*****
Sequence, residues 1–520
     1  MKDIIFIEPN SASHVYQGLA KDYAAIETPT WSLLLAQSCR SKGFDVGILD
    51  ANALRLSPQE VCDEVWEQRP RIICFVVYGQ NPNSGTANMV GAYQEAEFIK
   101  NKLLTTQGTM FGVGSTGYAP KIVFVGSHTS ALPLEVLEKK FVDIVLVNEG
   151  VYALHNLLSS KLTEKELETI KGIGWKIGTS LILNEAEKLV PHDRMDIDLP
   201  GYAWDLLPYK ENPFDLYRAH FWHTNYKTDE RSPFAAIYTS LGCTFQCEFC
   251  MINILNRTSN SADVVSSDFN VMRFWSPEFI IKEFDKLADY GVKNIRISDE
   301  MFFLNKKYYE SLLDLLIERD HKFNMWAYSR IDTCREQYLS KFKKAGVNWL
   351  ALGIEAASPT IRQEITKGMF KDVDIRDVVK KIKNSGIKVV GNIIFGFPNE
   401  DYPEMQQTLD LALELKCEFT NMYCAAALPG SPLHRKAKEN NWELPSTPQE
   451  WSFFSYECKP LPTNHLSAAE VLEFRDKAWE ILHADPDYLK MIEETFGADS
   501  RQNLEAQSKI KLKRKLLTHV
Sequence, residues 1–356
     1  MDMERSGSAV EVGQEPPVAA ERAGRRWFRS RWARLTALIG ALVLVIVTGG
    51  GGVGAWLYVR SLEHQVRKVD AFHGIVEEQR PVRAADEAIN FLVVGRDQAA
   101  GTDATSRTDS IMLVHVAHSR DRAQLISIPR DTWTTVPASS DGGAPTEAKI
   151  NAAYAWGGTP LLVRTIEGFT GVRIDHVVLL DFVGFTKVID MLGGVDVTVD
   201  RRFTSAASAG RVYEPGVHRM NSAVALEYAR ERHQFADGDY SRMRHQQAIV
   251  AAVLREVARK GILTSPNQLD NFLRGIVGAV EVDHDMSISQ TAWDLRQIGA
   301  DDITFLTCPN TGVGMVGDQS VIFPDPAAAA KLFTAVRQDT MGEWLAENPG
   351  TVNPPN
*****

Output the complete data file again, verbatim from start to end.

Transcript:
Sequence, residues 1–520
     1  MKDIIFIEPN SASHVYQGLA KDYAAIETPT WSLLLAQSCR SKGFDVGILD
    51  ANALRLSPQE VCDEVWEQRP RIICFVVYGQ NPNSGTANMV GAYQEAEFIK
   101  NKLLTTQGTM FGVGSTGYAP KIVFVGSHTS ALPLEVLEKK FVDIVLVNEG
   151  VYALHNLLSS KLTEKELETI KGIGWKIGTS LILNEAEKLV PHDRMDIDLP
   201  GYAWDLLPYK ENPFDLYRAH FWHTNYKTDE RSPFAAIYTS LGCTFQCEFC
   251  MINILNRTSN SADVVSSDFN VMRFWSPEFI IKEFDKLADY GVKNIRISDE
   301  MFFLNKKYYE SLLDLLIERD HKFNMWAYSR IDTCREQYLS KFKKAGVNWL
   351  ALGIEAASPT IRQEITKGMF KDVDIRDVVK KIKNSGIKVV GNIIFGFPNE
   401  DYPEMQQTLD LALELKCEFT NMYCAAALPG SPLHRKAKEN NWELPSTPQE
   451  WSFFSYECKP LPTNHLSAAE VLEFRDKAWE ILHADPDYLK MIEETFGADS
   501  RQNLEAQSKI KLKRKLLTHV
Sequence, residues 1–356
     1  MDMERSGSAV EVGQEPPVAA ERAGRRWFRS RWARLTALIG ALVLVIVTGG
    51  GGVGAWLYVR SLEHQVRKVD AFHGIVEEQR PVRAADEAIN FLVVGRDQAA
   101  GTDATSRTDS IMLVHVAHSR DRAQLISIPR DTWTTVPASS DGGAPTEAKI
   151  NAAYAWGGTP LLVRTIEGFT GVRIDHVVLL DFVGFTKVID MLGGVDVTVD
   201  RRFTSAASAG RVYEPGVHRM NSAVALEYAR ERHQFADGDY SRMRHQQAIV
   251  AAVLREVARK GILTSPNQLD NFLRGIVGAV EVDHDMSISQ TAWDLRQIGA
   301  DDITFLTCPN TGVGMVGDQS VIFPDPAAAA KLFTAVRQDT MGEWLAENPG
   351  TVNPPN